Soyuz

Ada Lovelace and the Cosmonauts

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Come on. Admit it! This sounds like some kind of awesome steampunk mashup – perhaps a graphic novel.

Actually it refers to two different exhibitions currently on display at the Science Museum, and that I’m finally posting about.

Ada Lovelace – the “Enchantress of Number” – was a friend of Charles Babbage and can be regarded as the first computer programmer, having essentially designed the first ever algorithm.

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The Science Museum in London has a small exhibition on at the moment. Unfortunately it’s not at all clearly signposted since it’s not quite on the blockbuster scale of other exhibits so you may need to hunt a little until you find it on the second floor.

There’s a single room dominated by a portrait of the “Enchantress of Numbers” herself, alongside a model of the analytical engine that Babbage built in the hope of building a full sized machine.

The room also includes some of Lovelace’s letters and even a lock of her hair.

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I’m not going to be able to do justice to her here, but she was unquestionably a remarkable women, who’s life was sadly cut short.

A few more photos on Flickr here.

The Science Museum’s blockbuster exhibition right now is their celebration of the Soviet space programme. This is massive display with hundreds of items both small and very very large. Anyone with any interest in space should definitely try to get along if they’ve not already.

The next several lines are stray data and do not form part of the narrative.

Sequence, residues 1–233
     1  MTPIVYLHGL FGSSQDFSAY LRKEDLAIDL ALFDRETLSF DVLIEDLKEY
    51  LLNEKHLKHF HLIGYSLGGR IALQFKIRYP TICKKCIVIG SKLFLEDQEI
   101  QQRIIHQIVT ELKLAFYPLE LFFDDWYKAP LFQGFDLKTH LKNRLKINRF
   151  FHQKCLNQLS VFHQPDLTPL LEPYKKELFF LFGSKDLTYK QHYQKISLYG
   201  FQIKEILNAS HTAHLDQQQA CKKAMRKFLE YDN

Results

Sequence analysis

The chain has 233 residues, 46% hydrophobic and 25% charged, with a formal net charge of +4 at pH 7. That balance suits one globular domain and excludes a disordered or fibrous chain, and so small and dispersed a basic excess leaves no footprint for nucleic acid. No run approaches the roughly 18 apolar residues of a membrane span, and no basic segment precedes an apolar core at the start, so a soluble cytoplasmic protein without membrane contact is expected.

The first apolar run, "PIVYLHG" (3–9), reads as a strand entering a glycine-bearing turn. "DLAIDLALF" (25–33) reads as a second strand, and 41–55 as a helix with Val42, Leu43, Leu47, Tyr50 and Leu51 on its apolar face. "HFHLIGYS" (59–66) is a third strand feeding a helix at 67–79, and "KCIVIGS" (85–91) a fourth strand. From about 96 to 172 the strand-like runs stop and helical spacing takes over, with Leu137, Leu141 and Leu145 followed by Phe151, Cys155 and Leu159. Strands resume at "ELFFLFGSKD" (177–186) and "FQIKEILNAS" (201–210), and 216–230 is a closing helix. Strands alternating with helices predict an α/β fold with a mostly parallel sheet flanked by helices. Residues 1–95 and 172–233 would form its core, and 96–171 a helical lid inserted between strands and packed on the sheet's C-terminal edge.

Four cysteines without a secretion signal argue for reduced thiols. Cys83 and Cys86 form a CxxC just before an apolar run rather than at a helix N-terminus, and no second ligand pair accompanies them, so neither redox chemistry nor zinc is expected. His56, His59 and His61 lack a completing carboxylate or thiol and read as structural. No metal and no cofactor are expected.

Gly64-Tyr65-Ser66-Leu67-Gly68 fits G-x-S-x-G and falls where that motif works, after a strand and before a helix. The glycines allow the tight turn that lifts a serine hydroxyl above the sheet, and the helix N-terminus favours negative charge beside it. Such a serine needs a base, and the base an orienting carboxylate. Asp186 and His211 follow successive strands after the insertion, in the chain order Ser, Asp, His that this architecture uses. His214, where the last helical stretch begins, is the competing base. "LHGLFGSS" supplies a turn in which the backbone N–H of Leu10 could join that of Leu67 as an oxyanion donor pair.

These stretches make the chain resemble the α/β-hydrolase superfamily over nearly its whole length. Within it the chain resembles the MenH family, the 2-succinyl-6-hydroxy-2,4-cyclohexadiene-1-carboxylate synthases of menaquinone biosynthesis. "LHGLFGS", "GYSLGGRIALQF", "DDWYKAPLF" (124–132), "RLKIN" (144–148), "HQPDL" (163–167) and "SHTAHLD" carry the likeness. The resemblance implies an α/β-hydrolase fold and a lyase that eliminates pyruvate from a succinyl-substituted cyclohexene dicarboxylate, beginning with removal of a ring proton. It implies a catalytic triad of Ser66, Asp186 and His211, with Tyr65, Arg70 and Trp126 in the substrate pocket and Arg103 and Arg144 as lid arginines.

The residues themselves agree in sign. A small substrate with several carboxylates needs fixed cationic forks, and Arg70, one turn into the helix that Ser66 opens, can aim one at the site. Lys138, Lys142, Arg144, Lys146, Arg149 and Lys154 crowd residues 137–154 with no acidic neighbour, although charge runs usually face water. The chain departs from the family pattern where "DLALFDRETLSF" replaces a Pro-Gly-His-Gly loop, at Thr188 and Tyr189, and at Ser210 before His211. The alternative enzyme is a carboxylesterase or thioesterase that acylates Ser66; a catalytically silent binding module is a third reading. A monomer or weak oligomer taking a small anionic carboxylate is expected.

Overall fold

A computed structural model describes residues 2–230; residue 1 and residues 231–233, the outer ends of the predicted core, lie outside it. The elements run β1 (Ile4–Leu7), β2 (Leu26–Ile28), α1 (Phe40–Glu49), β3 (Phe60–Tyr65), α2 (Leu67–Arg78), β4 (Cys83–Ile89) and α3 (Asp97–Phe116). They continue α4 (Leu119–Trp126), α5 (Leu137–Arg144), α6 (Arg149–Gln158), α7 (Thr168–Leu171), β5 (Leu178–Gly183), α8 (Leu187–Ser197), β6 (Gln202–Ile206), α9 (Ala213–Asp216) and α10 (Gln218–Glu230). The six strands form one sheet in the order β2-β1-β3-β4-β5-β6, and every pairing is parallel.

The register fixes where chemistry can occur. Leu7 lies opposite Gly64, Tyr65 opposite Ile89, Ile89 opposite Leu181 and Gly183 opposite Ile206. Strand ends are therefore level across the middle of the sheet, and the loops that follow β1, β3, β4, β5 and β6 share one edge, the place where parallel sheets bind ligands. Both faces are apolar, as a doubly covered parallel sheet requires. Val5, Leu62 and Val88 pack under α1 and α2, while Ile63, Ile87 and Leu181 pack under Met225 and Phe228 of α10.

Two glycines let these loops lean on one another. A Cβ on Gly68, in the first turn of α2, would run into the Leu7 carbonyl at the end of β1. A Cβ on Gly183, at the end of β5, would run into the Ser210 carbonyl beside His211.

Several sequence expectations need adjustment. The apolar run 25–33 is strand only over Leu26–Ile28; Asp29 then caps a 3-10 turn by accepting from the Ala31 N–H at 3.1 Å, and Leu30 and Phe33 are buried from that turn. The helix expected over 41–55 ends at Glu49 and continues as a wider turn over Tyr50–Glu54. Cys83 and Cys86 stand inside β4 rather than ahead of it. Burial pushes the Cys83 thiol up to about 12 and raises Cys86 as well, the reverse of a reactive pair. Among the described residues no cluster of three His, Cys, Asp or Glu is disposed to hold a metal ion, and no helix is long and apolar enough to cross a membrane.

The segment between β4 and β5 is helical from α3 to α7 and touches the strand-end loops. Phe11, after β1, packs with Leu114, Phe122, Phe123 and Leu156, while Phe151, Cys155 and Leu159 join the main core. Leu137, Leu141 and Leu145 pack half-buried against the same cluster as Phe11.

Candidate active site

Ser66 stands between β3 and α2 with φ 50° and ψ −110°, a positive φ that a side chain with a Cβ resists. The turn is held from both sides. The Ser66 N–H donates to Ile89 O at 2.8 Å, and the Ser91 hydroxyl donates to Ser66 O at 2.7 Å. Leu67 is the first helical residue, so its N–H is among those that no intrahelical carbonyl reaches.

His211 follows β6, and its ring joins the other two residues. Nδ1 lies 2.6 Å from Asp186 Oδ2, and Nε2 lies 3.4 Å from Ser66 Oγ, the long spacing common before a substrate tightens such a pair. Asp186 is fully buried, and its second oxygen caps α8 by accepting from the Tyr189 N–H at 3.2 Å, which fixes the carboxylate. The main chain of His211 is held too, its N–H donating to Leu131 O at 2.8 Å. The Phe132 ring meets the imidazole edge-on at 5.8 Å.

What I found incredible was just how small those early spacecraft were, and packed in like sardines the cosmonauts were, having to spend many hours or days in incredibly cramped conditions.

It’s also remarkable that, as we watched Tim Peake head to the International Space Station before Christmas, to think that he was getting there onboard a launch vehicle that’s not massively different from what those earlier space pioneers were travelling in. The Soyuz launch vehicles we see today are recognisably based on the earlier craft. Perhaps that’s not surprising since the physics really hasn’t changed a great deal!

The Cosmonauts continue at the Science Museum until 13 March 2016, while you have a couple more weeks to see Ada Lovelace as that exhibit finishes on 31 March 2016.